Masunda is the chairman of Old Mutual, Lafarge, Zimbabwe Sugar Association, and the Commercial Arbitration Centre. He is also a board member of Zimplats and Bindura Nickel Corporation. Mushayakarara chairs Mashonaland Holdings and RioZim and sits on the ZB Holdings board, where he is the chief executive officer.
Nkomo is a director at African Sun, Aico and Seedco while Kanyekanye’s board seats include Star Africa, RTG and Capital Bank.
Nyajeka is on the boards of PG Industries and TA Holdings and chairs the ZB Holdings board. Kudenga is at ABC Holdings, BNC and Hippo Valley while Dube is at Barclays, Delta and Edgars. Moyo is chair at PPC, Zimra, and Stanbic as well as being a board member of Alpha Media Holdings.
Chikura said given the prevalence of multiple directorships, Zimbabwe still had a long way to go in terms of corporate governance and most companies were only paying lip-service to it. Recent experiences from the banking sector and some listed companies showed the country was not yet compliant with corporate governance practices.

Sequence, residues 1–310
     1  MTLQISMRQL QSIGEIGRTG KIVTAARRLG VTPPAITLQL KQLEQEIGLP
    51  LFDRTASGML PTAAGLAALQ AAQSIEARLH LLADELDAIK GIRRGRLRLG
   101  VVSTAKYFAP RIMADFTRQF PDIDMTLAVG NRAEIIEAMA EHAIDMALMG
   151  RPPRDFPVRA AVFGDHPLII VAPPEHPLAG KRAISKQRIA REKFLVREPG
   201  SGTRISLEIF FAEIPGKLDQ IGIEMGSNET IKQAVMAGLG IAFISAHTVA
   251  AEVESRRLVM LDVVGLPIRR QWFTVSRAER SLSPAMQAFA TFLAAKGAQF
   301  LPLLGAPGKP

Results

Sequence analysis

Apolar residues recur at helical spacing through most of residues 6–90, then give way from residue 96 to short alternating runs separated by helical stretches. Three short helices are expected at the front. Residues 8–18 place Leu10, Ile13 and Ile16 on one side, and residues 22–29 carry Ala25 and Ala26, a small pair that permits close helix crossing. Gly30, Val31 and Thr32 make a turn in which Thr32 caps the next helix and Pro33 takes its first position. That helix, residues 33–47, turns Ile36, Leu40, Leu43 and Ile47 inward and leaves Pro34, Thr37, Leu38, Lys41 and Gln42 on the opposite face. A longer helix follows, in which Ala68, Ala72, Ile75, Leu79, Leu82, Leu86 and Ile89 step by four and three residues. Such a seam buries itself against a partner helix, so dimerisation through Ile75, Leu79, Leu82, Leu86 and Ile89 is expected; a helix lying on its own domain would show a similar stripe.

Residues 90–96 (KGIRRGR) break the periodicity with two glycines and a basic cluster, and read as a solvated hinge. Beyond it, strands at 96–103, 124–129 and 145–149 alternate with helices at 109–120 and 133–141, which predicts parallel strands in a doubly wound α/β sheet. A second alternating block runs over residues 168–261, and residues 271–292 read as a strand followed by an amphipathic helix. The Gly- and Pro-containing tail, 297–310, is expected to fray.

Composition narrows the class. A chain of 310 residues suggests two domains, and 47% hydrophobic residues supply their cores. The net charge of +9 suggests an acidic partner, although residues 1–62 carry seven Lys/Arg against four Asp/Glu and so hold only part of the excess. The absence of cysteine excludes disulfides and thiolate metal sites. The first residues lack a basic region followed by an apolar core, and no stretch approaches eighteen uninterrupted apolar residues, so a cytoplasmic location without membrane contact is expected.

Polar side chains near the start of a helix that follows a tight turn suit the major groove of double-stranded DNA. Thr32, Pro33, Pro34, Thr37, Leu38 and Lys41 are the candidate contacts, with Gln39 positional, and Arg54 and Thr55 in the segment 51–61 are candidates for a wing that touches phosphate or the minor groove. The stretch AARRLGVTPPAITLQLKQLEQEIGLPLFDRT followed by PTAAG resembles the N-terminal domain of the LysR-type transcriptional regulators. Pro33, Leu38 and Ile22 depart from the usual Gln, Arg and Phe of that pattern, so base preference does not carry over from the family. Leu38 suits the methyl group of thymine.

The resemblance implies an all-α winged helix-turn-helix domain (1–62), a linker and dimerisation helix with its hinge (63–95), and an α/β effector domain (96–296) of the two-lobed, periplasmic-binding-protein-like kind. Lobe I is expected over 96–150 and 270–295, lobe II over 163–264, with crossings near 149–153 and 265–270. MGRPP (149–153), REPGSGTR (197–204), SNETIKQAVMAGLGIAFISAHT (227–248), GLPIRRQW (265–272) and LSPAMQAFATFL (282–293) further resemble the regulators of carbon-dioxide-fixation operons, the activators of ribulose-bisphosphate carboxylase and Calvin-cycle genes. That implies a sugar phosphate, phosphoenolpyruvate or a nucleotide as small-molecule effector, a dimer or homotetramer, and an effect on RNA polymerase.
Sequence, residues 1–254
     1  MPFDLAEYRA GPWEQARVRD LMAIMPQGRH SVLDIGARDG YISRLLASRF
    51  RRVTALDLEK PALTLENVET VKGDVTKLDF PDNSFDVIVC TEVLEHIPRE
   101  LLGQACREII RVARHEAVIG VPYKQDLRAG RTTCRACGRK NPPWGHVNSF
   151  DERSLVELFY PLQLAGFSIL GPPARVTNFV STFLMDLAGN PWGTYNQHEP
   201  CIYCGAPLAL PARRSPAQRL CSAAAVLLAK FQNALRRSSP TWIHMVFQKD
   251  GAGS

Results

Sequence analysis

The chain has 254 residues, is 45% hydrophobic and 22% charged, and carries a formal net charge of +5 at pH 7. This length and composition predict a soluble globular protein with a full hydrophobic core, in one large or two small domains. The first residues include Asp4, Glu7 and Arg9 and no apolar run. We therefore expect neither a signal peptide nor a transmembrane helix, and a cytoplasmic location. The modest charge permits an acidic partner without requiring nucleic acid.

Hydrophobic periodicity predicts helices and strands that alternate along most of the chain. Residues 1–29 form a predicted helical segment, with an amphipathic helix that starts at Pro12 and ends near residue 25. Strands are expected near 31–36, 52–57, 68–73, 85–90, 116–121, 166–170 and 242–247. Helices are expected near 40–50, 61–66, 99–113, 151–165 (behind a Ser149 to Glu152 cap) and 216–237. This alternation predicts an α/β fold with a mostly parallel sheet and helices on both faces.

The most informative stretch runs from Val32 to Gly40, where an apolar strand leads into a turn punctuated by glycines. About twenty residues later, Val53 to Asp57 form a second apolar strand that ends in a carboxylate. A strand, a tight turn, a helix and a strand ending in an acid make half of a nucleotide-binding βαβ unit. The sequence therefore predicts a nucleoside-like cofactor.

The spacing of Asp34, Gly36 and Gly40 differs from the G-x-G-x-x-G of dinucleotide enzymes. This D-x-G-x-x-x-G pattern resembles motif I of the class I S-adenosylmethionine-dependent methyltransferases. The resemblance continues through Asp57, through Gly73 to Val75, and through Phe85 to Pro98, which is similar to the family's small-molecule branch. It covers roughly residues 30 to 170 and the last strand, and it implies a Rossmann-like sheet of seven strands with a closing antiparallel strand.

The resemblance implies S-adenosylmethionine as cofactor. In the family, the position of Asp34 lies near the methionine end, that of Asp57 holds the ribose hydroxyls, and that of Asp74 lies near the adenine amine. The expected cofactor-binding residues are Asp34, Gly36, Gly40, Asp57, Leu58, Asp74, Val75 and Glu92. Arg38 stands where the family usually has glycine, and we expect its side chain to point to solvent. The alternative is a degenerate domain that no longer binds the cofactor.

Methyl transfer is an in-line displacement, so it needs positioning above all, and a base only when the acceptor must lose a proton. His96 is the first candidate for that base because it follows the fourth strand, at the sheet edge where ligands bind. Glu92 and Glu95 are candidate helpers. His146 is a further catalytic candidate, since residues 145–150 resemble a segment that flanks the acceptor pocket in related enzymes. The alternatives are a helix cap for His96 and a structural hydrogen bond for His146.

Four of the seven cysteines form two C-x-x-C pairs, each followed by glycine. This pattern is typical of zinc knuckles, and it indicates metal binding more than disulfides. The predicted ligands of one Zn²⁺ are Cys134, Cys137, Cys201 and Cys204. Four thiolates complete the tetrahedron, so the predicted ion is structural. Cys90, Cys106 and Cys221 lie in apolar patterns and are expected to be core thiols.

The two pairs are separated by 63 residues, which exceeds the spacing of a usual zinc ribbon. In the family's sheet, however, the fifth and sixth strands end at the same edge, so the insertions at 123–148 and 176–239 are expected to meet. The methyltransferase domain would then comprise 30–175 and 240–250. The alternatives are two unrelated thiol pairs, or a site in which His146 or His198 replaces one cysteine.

He believed that in order to achieve sustainable success, corporate governance should be more about performance and should be based on the values of transparency, accountability, fairness and responsibility.
He said there was need to go beyond focusing on compliance related issues and concentrate on inputs of corporate governance such as composition of boards and separation of CEO and chair positions. — Staff Writer.

“Good governance is not just about compliance and conformance with rules and regulations; it is about establishing internal processes and attitudes that add value, enhance business reputation and making the business more attractive to both internal and external investors,” he said.
Chikura added that most of the times boards were not independent and suffered from huge conflicts of interests, which in turn lead to poor reporting and disclosures.
He said even though rules continued to be drawn and staff had been trained in corporate governance, companies had not been successful as recent experiences from the banking sector and some listed companies had shown.
Interestingly, the market regulator, the Securities Commission of Zimbabwe, last year removed Chikura as a commissioner, along with Martha Rukuni after Finance minister Tendai Biti cited they were engaged in an occupation which was inconsistent with their duties as commissioners hence against corporate governance.
In the case of Chikura, Biti cited the events involving Renaissance Holdings and Afre as a demonstration of conflict of interest that arose when commissioners sat on multiple boards of listed companies.